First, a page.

A large IT project that ran into problems offers lessons for others who might want to embark on a similar journey. The project was called the Citizen and Law Enforcement Analysis and Reporting (CLEAR) system developed by the Chicago Police Department (CPD) and Oracle Corporation.
CLEAR was supposed to become an integrated criminal-justice information system that would allow police to better allocate resources and address crime. It was also intended to increase accountability and to help officials manage offender flow through the criminal justice system. Last, it was intended to enhance intelligence-gathering efforts from and participation with the community.
The project, begun in 2001, was, however, "a process fraught with unanticipated roadblocks," according to a recently released paper from The Institute for Policy Research at Northwestern University.
Funding was one of these roadblocks. CPD needed to find multiple sources of funding, and insufficient funding was an ongoing problem.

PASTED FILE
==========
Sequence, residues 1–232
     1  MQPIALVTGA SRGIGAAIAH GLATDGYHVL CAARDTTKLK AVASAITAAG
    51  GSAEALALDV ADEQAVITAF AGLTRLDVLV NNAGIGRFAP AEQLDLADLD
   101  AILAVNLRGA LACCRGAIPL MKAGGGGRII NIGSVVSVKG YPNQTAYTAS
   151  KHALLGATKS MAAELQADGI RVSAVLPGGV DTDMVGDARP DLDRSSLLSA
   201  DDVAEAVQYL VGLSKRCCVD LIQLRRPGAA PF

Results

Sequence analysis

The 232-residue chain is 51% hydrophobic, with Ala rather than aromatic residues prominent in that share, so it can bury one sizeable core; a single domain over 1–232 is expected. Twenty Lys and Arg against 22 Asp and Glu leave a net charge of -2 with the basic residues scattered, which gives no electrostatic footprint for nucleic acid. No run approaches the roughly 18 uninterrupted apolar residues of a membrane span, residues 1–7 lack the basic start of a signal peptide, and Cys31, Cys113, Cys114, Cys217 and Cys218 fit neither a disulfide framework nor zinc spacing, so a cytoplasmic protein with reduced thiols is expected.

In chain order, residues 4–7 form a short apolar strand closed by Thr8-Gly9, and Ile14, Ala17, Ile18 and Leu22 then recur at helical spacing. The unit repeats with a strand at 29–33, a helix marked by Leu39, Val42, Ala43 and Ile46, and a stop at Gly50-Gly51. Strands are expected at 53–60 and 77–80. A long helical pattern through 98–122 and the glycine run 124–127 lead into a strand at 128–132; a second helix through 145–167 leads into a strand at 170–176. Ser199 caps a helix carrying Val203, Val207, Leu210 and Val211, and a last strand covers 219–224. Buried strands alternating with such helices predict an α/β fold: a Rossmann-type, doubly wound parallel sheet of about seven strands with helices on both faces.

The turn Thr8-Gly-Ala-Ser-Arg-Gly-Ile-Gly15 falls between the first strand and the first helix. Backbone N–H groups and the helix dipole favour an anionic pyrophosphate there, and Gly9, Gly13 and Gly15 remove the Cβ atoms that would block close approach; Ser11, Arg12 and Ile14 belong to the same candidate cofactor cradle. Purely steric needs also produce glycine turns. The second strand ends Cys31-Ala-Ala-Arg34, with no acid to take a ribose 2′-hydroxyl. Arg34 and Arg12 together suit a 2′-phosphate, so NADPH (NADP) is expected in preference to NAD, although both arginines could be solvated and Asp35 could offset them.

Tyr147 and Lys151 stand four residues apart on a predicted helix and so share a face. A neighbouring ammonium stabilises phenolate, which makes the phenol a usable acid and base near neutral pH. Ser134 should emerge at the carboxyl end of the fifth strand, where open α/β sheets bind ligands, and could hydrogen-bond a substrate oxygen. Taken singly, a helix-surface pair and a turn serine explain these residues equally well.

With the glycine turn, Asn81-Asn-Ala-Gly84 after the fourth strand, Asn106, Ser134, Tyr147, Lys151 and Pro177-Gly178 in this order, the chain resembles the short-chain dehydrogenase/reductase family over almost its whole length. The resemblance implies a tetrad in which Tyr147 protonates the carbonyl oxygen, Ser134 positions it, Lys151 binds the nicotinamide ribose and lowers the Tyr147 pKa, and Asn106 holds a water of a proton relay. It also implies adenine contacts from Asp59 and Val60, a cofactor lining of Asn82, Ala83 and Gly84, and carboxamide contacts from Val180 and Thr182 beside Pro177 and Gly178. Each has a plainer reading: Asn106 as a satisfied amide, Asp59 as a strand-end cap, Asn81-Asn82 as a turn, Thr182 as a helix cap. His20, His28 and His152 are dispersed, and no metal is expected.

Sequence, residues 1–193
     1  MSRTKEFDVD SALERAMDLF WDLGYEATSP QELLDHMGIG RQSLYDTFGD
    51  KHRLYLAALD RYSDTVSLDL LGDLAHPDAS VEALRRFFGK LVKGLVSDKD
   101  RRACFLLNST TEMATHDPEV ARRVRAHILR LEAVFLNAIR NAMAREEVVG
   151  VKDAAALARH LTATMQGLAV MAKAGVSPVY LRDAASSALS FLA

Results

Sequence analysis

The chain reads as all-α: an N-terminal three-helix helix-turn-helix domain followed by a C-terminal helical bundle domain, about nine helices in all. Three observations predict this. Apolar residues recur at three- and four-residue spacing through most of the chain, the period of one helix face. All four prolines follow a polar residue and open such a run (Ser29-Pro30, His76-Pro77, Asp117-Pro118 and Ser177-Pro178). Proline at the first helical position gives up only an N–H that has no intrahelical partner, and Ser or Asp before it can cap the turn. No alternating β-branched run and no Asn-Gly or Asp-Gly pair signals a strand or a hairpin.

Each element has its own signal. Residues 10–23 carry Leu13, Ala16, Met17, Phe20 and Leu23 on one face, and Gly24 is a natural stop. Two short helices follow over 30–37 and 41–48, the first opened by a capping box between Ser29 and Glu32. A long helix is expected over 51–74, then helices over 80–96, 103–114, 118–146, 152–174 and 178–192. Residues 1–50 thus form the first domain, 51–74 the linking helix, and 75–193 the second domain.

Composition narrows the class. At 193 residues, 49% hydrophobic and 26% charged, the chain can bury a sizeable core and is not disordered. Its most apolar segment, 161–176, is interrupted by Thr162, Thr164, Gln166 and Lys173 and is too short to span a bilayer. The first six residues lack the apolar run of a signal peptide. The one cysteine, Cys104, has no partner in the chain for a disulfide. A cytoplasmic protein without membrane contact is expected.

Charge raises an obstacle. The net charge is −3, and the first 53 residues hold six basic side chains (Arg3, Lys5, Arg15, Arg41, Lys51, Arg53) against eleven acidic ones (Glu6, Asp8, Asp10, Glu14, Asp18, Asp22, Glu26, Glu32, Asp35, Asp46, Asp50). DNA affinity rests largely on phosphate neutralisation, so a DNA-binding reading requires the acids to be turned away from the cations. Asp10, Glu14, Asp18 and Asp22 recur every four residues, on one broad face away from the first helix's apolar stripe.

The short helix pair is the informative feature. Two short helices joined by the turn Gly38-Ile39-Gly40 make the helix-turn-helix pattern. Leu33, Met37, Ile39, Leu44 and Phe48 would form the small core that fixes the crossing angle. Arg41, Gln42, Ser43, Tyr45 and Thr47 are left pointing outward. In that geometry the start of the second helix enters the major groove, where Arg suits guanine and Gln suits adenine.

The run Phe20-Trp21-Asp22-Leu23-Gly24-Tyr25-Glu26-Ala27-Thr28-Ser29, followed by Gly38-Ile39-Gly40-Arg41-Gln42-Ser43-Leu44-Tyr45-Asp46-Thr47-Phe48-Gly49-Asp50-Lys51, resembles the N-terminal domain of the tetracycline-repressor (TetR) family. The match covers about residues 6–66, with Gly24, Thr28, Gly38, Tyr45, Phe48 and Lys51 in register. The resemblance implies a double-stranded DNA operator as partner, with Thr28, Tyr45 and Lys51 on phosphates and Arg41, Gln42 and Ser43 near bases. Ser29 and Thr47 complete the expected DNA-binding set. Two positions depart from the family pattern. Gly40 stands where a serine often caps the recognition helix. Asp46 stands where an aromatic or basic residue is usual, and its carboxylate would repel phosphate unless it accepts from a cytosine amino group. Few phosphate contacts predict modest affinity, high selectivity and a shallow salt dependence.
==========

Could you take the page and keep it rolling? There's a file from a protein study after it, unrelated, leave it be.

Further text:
Another challenge was making a decision about what hardware and software to buy. Decision makers faced not only myriad choices but also the fear that newer products might be superior. "The prospect of obsolescence can paralyze the development process," the report notes.
Broken promises from vendors--and one vendor that failed to pay its subcontractors, resulting in missing technology--meant that CPD needed to find alternative sources.
Other issues noted by the report: the absence of someone to view the "big picture," rather than the details; "scope creep" that threatened to delay the project and put it over budget; and the importance of setting deadlines that recognize that "competing forces may intervene to destroy any hope of meeting conservative deadlines."
@ The full report, Policing Smarter Through IT: Lessons in Enterprise Implementation, is available through the U.S. Department of Justice's Office of Community Oriented Policing Services via SM Online.